• The TimerViewModel
• The SettingsViewModel
• The AboutViewModel

## Changing Views and Messaging

As we want to use ‘separation of concerns’, or ‘encapsulation’ (if you prefer), we do not want view-models to communicate directly. In order to do this, we simply use message passing, in other words:

The MVVMLight Toolkit provides us with a singleton Messenger class that we can register message consumers and message producers with. So to raise an ‘event’ in one view model from another, we simple pass a message, for example:

public class MainViewModel : ViewModelBase
{
public MainViewModel()
{
//  Lastly, listen for messages from other view models.
Messenger.Default.Register<SimpleMessage>(this, ConsumeMessage);
}

private void ConsumeMessage(SimpleMessage message)
{
switch (message.Type)
{
case MessageType.TimerTick:
WindowTitle = message.Message;
break;
// ....
}
}
}


and in the TimerViewModel:

public class TimerViewModel : ViewModelBase
{
private void OnTick(object sender, TimerModelEventArgs e)
{
Messenger.Default.Send(new SimpleMessage(MessageType.TimerTick, TimerValue));
}
}


What this achieves is as follows: the TimerViewModel updates the TimerView countdown clock in the main window’s ContentControl, but we want to update the window’s title to also show the countdown. The main window View is bound to the MainViewModel, so to do this, and to keep the view-models separate we pass a message containing the time remaining. The reason we update the window title bar is discussed a little later.

## The TaskBar Preview and the Window Title

As you can see in this screenshot:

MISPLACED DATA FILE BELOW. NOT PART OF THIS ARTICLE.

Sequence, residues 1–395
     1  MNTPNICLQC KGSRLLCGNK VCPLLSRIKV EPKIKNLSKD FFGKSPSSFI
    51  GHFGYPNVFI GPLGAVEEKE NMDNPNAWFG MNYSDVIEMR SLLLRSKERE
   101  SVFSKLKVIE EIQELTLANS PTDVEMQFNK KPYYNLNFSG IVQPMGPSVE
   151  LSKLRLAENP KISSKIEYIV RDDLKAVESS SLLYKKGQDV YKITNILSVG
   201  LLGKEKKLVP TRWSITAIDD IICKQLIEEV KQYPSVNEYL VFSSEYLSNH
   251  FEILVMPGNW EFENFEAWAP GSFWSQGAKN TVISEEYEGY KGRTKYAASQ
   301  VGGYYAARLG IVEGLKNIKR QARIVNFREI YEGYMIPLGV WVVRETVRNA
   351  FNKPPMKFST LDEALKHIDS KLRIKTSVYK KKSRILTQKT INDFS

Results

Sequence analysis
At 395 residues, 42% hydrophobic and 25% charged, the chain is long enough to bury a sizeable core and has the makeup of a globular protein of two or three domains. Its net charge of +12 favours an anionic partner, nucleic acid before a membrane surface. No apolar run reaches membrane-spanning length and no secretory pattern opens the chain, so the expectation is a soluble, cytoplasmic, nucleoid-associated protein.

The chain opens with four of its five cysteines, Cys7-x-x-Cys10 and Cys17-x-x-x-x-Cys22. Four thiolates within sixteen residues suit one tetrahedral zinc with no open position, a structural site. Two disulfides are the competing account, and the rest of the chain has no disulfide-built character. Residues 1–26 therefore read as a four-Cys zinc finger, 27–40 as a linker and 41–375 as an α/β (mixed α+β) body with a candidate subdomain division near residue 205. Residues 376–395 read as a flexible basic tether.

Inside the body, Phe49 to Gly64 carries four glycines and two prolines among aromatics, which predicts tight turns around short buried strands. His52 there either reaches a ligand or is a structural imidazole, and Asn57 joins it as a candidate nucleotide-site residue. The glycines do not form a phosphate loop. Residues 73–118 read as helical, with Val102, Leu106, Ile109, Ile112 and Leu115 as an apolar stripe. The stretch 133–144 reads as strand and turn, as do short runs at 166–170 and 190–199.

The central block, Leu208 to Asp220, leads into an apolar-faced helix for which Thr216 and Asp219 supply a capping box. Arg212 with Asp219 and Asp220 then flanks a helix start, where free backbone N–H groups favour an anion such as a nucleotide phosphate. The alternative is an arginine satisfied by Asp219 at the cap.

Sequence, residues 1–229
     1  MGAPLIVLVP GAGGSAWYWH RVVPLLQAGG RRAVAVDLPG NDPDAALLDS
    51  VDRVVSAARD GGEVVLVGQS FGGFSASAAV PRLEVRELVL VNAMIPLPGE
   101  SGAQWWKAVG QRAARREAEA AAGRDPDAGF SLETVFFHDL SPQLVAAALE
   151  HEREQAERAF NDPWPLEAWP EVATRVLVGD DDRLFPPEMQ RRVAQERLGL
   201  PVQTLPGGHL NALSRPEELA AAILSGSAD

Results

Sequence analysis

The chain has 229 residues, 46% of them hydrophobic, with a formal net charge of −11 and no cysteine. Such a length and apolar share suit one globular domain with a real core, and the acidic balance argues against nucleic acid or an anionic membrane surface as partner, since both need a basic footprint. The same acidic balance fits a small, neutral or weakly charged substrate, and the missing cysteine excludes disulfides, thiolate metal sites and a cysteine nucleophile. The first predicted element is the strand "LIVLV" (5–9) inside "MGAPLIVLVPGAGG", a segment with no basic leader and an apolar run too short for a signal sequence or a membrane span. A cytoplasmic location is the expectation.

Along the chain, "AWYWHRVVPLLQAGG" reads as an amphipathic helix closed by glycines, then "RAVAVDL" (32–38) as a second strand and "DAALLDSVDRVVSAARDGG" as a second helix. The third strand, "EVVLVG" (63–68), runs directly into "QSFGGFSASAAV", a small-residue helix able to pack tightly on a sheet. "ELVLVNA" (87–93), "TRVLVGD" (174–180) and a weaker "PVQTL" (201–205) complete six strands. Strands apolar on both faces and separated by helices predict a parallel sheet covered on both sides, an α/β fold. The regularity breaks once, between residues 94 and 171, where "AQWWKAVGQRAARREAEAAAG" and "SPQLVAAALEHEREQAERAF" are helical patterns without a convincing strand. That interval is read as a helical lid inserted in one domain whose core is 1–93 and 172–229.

The countdown value is shown in the taskbar item thumbnail, and in the main window’s title. The reason we update the window’s title is that when a window is minimzed, the taskbar item thumbnail is not updated by Windows, so if you were to hover your mouse pointer over the icon on the task bar when the item is minimized, the thumbnail preview will display the countdown at the time you minimized the window. Fortunately, the title of the window is updated in the thumbnail preview, so we ensure that we update that to provide a visual clue to the user.

We need a second message type to comminicate task bar progress updates in Windows 7: since the MainWindow ‘view’ is bound to the MainViewModel, we need to receive messages from the TimerViewModel that are appropriate to update the task bar progress indicator. Fortunately this is relatively straightforward, and once again we make use of the Messenger.Default.Register and Messenger.Default.Send pattern we saw earlier.

The second message class is simply:

public class TaskbarItemMessage
{
{
Value = -1.0;
}
public TaskbarItemProgressState State { get; set; }

public double Value { get; set; }

public bool HasValue { get { return ! (Value < 0.0); } }
}


Our TimerViewModel just send instances of these messages and the MainViewModel receives them, and via the magic of data-binding, between the view model (MainViewModel) and the view (MainWindow) the taskbar progress indicator just updates:

<Window x:Class="Btl.MainWindow"
DataContext="{Binding Main,
Source={StaticResource Locator}}">
<ThumbButtonInfoCollection>
<ThumbButtonInfo Command="{Binding PlayCommand}"
Description="Start"
DismissWhenClicked="False"
ImageSource="Resources\icon.play.png" />
<ThumbButtonInfo Command="{Binding PauseCommand}"
Description="Pause"
DismissWhenClicked="False"
ImageSource="Resources\icon.pause.png" />
</ThumbButtonInfoCollection>
<!-- ELIDED  -->
</Window>


Since the TaskBarItemInfo thumbnail previews offer us more than just the preview, we can add a thumbnail ‘Start’ and ‘Pause’ button (just like Media Player), so we can control the countdown timer from the thumbnail preview, hence the ThumbButtonInfo elements above.

## A Note on the UI Design

There is some method to the madness of the Countdown Timer UI: since the Play and Pause buttons are likely to be the most used, they are the largest, then the settings and reset buttons are smaller so they are less likely to be clicked on. The ‘About’ window is accessed by a small ‘?’ in the bottom right hand corner.

Similarly, the ‘Ok’ and ‘Cancel’ buttons are widely separated in the Settings view so it is clear which one you want to click on.

And lastly, aside from the button icons (play, pause etc.), I’ve left the theming of the application alone, so that the OS can choose how to theme it. Of course, since this is an MVVM application, you can take the source code, fire up Blend, and change it however you like.